My first ever SWACE conference was back in 2002 in Oklahoma City, Oklahoma. I wanted to get involved in the organization, so I volunteered for the Registration Committee in order to meet people. I worked the check-in table and handed members their name badges and bags for a couple years. From there, I volunteered with the Technology Committee. We were the people in charge of building and maintaining the SWACE website. There was a lot of turnover that year and I remember going from a committee Member, to committee Chair, to Board Director for Technology within a year. Things happened FAST. I remember feeling out of place at board meetings, so I stuck to what I knew which was web design. During summer of 2005, our president, Randy Wilson brought to our attention that SWACE would possibly be merging with SACE. The next year, the vote passed and the transition began, merging the two associations. Through this transition and some intense board meetings, I was able to see the talent involved in making such crucial decisions to merge the two associations.


I can remember it like it was yesterday. November 12, 2012. I was at home sitting at my desk working on graduate school work when my phone rang at about 9:00 p.m. Toni McLawhorn had emailed me earlier in the day asking if we could talk. I was curious why Toni would be calling me at my home on a weeknight. She cut straight to the point and asked me if I would mind being nominated for President Elect for SoACE. Stunned, I began asking many questions. Normally, I wouldn’t have a problem saying yes to new opportunities, but this was a big deal. All I could think of were the Presidents before me, Karen Thompson, Donnie Brown, Norma Guerra-Gaier, Eric Pearson, Toni McLawhorn, Shelly Garcia, and Tim Harding. There’s NO WAY I could be President. I’m thankful Toni was as patient, kind and understanding as she was, because after answering all my thousands of questions over a few days, she assured me it was the team that made things work for SoACE, and was she ever right. I was, and remain, impressed by the talent involved with SoACE.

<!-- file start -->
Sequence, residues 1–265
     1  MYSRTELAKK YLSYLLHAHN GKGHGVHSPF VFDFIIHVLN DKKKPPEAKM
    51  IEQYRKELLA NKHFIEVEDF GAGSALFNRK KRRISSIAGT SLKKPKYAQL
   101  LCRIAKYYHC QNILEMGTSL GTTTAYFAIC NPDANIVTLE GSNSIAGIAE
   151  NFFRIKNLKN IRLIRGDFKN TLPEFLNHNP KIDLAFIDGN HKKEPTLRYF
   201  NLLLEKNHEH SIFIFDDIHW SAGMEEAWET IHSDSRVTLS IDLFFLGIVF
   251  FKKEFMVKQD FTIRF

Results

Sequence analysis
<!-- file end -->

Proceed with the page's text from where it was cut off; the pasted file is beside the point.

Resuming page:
As President Elect, Matt Berndt and I had a wonderful conversation in St. Pete that I will never forget. To reference City Slickers, Matt looked at me and said, “Focus on one thing in your presidency and put all your energy into it.” The next year, as an organization, we passed new by-laws that made the organization more inclusive (thanks to Tim Harding’s futuristic strength). The next step was to follow up on that inclusiveness and provide a group option for membership so whole offices could participate in SoACE. This was our one thing that year. An executive committee made up of some of the most powerhouse thinkers diligently and deliberately thought through all the potential pitfalls and gains that could possibly come from a group membership. Stacy Ballinger, who headed the committee, presented the group membership option to the organization, which went to vote at the New Orleans conference in 2014 and passed unanimously. Since then, our numbers have increased and we have broken the thousand-member mark. A huge thanks to Jeff Cummings, Corinne Earle and all the folks at CMCglobal who keep us organized and running efficiently.

I smile thinking of SoACE. I smile as I reflect on my years on the board and the presidency, and I think of the unforgettable conferences, the wealth of knowledgeable and inspiring people, and the relationships I have been so fortunate to build. I smile. I look back on the countless hours I spent questioning what decision to make (right, Tim?), but now

realize that being surrounded by a wonderful team is how decisions get made. Through the nearly 10,000 emails in my SoACE email folder and all the conversations with the best people in the world, I am grateful for all the wonderful people involved with SoACE who put their time and energy into making it function. I smile ear to ear.



I am continually excited to see the up and coming talent that is being produced in SoACE. Each year the conference gets better and better, and I look forward to all the new and exciting offerings SoACE is delivering. KGs, the Employer Relations Summit, the webinars, and consultations are just some of the excellent resources SoACE provides year-round.

Laissez les bon temps rouler!